Bobby Shmurda Claims Lyrics Are Fake And Epic Should Pay His Bail Money




Remember Bobby Shmurda? The Brooklyn rapper who broke on the scene with his semi-hit record “Hot Nigga”, has been incarcerated since late last year after being arrested as part of a sting conducted by the NYPD a of drug and gang violence in the borough. Shmurda (real name Aquilie Pollard) was said to be one of the main principals in a gang in Brooklyn that was responsible for everything to drug deals to shootings.

His bail was set at $2 million dollars. Bobby has been sitting behind bars waiting on someone to post his bail, in particular, his lable Epic.

Shmurda is said to be upset with Epic for not posting his bail.

Per Stereo Gum:

Even though Pollard pled not guilty to all charges, he says his label, Epic, has wavered in their support, declining his request to help pay his $2 million bail: “When I got locked up, I thought they were going to come for me, but they never came.” Technically, Epic executive Michael Clervoix has visited Pollard in prison, but Clervoix wouldn’t say whether Epic would help with bail.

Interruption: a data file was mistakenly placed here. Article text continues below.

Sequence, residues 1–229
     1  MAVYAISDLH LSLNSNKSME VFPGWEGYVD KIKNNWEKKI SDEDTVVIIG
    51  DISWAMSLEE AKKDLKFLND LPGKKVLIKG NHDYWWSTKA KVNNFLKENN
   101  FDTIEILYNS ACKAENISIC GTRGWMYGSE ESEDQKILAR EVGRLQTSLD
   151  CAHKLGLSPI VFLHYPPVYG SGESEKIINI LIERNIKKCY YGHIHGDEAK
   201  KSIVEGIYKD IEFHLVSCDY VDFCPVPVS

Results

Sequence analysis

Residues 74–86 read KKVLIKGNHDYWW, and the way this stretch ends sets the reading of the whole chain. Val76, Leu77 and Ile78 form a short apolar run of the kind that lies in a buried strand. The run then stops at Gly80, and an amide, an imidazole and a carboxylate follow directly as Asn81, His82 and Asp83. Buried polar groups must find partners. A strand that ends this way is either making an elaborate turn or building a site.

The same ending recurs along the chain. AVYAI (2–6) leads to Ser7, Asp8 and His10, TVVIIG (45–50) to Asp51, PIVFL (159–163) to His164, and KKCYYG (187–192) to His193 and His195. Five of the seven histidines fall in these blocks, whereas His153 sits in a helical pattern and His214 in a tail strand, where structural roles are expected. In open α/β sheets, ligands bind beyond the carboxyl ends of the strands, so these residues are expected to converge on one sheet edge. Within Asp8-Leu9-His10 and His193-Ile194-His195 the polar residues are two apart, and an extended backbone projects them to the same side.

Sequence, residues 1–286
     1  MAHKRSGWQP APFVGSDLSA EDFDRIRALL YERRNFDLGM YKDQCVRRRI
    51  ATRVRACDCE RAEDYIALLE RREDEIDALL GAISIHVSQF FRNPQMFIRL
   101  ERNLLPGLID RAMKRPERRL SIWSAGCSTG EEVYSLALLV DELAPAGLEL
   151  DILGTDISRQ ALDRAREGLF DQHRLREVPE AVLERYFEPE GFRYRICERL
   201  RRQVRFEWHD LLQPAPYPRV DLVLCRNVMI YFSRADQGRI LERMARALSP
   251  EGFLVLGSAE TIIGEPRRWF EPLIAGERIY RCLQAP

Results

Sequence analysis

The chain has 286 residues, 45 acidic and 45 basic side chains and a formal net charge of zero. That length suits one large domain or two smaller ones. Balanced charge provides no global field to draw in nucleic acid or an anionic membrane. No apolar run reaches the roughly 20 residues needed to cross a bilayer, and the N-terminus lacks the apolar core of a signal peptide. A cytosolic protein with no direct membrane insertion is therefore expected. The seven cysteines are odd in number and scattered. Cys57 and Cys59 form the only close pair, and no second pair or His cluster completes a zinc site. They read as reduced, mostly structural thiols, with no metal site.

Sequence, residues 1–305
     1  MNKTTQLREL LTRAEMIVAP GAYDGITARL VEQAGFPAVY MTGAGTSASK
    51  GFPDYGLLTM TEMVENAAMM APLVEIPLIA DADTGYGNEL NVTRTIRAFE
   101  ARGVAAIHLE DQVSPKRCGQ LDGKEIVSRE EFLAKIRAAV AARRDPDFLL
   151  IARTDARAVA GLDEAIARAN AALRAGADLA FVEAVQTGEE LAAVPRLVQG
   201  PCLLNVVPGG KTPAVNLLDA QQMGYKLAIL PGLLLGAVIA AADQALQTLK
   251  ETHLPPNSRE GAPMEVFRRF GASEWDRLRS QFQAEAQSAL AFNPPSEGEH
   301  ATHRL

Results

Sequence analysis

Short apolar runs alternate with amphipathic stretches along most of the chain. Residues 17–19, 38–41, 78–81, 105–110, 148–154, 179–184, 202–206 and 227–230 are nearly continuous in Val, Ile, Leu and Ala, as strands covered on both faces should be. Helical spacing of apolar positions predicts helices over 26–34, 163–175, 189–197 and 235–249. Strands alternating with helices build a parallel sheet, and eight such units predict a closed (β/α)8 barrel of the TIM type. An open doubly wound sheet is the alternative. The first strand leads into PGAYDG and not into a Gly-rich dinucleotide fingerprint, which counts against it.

Says Pollard’s entertainment lawyer, Matthew Middleton, “These companies for years have capitalized and made millions and millions of dollars from kids in the inner city portraying their plight to the rest of the world. To take advantage of that and exploit it from a business standpoint and then turn your back is disingenuous, to say the least.” Middleton later adds, “I understand from a corporate standpoint that companies cannot put themselves in a position where it appears they’re supporting and condoning criminal activity. But he hasn’t been found guilty of anything yet.” The Times feature cites a long history of label heads including 50 Cent and Suge Knight getting their rappers out of jail, but notes, “as rap has become more corporate, that kind of aid is unusual.”

Pollard, who once vouched for the accuracy of his street-life narratives, also tells the Times that his stories were “fabricated” because “that’s what’s selling nowadays.” Epic should know: Middleton estimates that the label has “made their money back at least two or three times over.”

What would’ve been great is that Middleton would’ve been Pollards lawyer before he signed his deal with Epic. Maybe he would’ve saw $2 million and not speaking how a Lable made that 3 times over. I’m just saying.



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